by simon baird

Thursday, July 29, 2010

song of the week is superfast jellyfish by gorillaz

i have this on single track repeat on my iphone

it is a commentary on the numerous evils of fast food

the song dies without the bass though so laptop speakers are NO GOOD for this song. like don't even bother!

delicious lemon pistachio friand type of thing

Sunday, July 25, 2010

Friday, July 23, 2010

some kind of Maori hip hop crew

They are goin' OFF

"hitch your wagon toaster"

in big letters on the back of a t-shirt this morning:


now that i think about it the last E might have been an A

new cut copy

i quite like it

Wednesday, July 14, 2010

spirit and opportunity

i went to this tonight. really enjoyed it. here are a few interesting facts:
  • every night on mars the temperature drops to -110 degrees C. this temperature would freeze and crack the electronics and machinery so the most important function on the rovers is the heaters. they run at night to keep the temperature above about -30 degrees C.
  • their primary mission is do geological analysis of mars to see if there really used to be water on mars. (rock analysis has proved that there was water on mars).
  • opportunity is still kicking along after 6 years. spirit is currently out of contact (but there's is still hope for it, see below). they were originally expected to last 90 days.
  • the rovers are sent navigation instructions once per day but then move autonomously. they can move about 4cm per second but a range of about 100m per day is safer so that operators can visually see dangers by looking at the previous day's images
  • the rovers are solar powered and have had problems with dust building up on the solar panels. strong winds sometimes blows the dust off, which improves the charging rates
  • spirit lost a front wheel motor in 2006 and has been driving backwards since then, dragging one wheel like a lame paw
  • it got stuck in some soft sand in january. engineers were working on getting it out with some success when the onset of winter meant that there was longer enough battery charge to keep trying (and still have enough power to run the heaters). at some point later it shut down it's radio contact. when summer comes around in a few months from now it might be able to build up enough charge to make contact again, and even (say the more optimistic) finish getting itself unstuck.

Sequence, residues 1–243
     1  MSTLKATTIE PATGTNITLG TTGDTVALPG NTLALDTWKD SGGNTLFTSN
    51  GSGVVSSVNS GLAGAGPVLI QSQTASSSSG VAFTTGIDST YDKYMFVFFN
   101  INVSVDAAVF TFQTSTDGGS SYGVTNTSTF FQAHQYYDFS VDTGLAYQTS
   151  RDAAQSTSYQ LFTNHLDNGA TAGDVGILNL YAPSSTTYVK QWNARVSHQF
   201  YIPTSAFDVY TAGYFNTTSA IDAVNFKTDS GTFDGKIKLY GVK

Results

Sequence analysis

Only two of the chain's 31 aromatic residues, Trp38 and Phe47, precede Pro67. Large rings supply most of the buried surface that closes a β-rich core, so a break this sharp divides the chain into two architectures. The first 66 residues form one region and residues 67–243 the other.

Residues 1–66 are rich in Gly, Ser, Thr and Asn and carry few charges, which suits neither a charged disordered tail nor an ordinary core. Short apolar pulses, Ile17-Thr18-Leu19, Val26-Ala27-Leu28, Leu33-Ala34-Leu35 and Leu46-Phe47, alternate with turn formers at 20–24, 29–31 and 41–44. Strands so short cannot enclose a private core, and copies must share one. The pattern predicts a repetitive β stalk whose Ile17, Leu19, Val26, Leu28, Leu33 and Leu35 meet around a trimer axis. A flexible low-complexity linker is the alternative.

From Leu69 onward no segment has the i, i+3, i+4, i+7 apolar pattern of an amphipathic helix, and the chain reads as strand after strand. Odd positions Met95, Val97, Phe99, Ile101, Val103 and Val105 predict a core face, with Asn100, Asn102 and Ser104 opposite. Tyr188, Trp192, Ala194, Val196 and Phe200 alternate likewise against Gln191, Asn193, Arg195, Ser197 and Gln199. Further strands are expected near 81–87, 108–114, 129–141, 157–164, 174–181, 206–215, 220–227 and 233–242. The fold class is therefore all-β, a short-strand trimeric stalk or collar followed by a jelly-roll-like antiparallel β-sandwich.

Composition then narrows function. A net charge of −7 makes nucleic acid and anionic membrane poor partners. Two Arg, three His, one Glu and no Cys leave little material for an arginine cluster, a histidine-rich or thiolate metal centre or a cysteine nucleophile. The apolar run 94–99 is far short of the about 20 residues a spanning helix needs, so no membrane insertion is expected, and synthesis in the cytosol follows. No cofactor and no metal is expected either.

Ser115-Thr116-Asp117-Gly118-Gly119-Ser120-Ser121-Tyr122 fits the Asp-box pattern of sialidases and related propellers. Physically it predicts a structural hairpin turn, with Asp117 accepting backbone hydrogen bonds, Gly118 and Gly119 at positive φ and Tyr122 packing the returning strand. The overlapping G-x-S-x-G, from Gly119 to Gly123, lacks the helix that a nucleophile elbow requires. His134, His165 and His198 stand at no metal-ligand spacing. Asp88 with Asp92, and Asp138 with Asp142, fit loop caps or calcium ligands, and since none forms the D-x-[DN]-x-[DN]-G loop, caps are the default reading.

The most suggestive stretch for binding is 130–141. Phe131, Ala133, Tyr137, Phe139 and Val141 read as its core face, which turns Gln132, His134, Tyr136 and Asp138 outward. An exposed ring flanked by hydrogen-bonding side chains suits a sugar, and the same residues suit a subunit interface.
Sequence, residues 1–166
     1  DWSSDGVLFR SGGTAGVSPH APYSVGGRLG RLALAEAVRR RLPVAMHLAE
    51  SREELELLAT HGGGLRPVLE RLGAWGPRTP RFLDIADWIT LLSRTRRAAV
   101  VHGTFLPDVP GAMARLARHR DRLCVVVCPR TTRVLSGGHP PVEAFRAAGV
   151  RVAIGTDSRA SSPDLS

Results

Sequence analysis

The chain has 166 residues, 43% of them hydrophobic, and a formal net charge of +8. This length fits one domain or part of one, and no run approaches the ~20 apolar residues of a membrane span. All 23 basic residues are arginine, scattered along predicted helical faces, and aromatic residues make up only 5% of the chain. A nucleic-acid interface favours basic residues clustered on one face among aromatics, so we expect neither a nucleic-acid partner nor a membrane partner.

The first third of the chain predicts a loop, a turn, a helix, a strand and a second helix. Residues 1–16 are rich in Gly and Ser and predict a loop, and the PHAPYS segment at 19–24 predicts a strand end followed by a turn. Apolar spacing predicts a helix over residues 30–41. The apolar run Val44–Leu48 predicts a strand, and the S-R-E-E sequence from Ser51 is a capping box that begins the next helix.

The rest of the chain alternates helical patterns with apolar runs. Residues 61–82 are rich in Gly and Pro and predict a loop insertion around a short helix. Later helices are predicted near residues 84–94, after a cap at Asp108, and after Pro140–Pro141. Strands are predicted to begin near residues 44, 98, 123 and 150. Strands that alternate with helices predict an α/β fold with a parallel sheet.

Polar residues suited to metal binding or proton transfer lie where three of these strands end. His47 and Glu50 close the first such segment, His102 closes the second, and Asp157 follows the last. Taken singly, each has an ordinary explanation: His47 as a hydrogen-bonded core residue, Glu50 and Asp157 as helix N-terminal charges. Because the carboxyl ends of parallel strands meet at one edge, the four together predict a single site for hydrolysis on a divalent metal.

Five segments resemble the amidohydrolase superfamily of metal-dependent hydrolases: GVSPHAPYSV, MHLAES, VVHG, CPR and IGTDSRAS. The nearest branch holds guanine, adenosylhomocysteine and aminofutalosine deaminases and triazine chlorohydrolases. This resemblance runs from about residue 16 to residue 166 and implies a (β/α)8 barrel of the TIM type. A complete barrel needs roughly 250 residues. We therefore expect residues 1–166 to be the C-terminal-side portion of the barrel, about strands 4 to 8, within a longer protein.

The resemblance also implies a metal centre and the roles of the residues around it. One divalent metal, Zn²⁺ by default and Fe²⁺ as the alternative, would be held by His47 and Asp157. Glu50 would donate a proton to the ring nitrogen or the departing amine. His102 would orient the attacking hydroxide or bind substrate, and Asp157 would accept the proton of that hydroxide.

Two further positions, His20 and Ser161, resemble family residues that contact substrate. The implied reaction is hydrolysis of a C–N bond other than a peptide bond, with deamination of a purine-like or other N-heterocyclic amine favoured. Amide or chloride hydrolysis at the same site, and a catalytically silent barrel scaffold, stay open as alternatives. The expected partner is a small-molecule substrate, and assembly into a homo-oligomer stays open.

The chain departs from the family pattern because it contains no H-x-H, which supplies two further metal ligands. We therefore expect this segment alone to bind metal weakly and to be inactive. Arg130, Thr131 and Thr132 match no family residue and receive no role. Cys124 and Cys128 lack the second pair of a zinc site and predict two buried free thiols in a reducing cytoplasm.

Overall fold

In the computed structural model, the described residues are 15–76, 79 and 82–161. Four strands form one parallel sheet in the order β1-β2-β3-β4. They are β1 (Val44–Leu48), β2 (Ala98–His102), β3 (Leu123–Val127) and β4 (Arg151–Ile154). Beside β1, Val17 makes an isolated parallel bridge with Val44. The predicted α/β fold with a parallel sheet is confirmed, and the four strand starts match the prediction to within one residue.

• the routes travelled by the rovers are pretty interesting. spirit has spent a lot of time at 'home plate' which is geologically interesting and thought to be an ancient volcanic hotspring. opportunity has been visiting craters to look at the rock features and is currently on it's way to a really big crater. see here and here. (a sol is a mars day which is just a little longer than an earth day, so each white dot there is like an overnight camp)
  • the landing method is pretty interesting. they come down inside a big cusion of air bags and bounce several times. (you can probably find a video of this on youtube)
  • read more at and and

Wednesday, July 07, 2010

Ruby: Module extend and include basics

For some reason or another I had never figured out why this kind of thing does't work as I expected it to:
module MyStuff
  def self.static_foo  # <--- does not work!
    puts "static foo"

class MyClass
  include MyStuff

MyClass.static_foo #!> undefined method `static_foo' for MyClass:Class (NoMethodError)
I'd google around for the solution but never quite hit on it.

Long story short, I have finally figured it out and thought I would make this blog post about it. Please see the following example:
 2 module StaticStuff
 3   def static_foo
 4     puts "static foo"
 5   end
 6 end
 8 module InstanceStuff
 9   def foo
10     puts "foo"
11   end
12 end
14 class MyClass
15   include InstanceStuff
16   extend StaticStuff
17 end
19 MyClass.static_foo

For more advanced techniques, see this interesting article by Yehuda about how rails uses three or four stones to kill this one bird. :)

brisbane river bull sharks?

no-one told me about this...

no big deal right?

not so fast:


Monday, July 05, 2010

he's like the good will hunting of conway's game of life...

Found out about this on good game, of all places...

So this guy has thrown this up on the Game of Life forum and stunned the Conway's Game of Life boffins.. :) Please enjoy the following expression of the purest of geek enthusiasm (and see links below for more info):

That, if it works as you claim, is undoubtedly the single most impressive construction so far in Life. We'll have to verify it, of course, but that would be the 13th spaceship velocity in Life attained so far. Moreover, you should be able to trivially modify the configuration to achieve an infinite series of spaceship velocities.

And it replicates in only 34 million generations?! The best estimate so far for a typical UCC-based Life replicator was 10^18 generations. I see that you have removed all but the bare minimum -- that is probably the simplest possible self-replicator, and very elegant, too.

I thought that we might see these things appearing by about 2020, but you are a decade ahead of your time! Well, congratulations -- you have single-handedly beaten the collaborative effort between myself, Dave Greene and Paul Chapman to realise a Life replicator. I see that you have opted for an active loop of gliders, rather than a passive tape. Wise decision -- the replicator only takes linear time, not quadratic time. And -- no, way! -- it cannibalises its parent configuration! So, it is an actual spaceship, and not a puffer.
> You should enter this in the Pattern of the Year contest.
Pattern of the Millennium, more like!